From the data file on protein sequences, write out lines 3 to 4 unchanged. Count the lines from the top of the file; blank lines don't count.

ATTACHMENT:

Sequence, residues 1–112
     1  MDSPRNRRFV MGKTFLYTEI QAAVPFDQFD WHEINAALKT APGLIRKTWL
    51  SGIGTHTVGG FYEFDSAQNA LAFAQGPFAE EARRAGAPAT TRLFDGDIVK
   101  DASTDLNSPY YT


    51  SGIGTHTVGG FYEFDSAQNA LAFAQGPFAE EARRAGAPAT TRLFDGDIVK
   101  DASTDLNSPY YT